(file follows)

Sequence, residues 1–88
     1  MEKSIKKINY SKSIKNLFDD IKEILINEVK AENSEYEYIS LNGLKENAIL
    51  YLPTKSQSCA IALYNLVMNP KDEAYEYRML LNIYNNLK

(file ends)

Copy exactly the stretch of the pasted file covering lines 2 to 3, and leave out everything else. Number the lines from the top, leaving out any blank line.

     1  MEKSIKKINY SKSIKNLFDD IKEILINEVK AENSEYEYIS LNGLKENAIL
    51  YLPTKSQSCA IALYNLVMNP KDEAYEYRML LNIYNNLK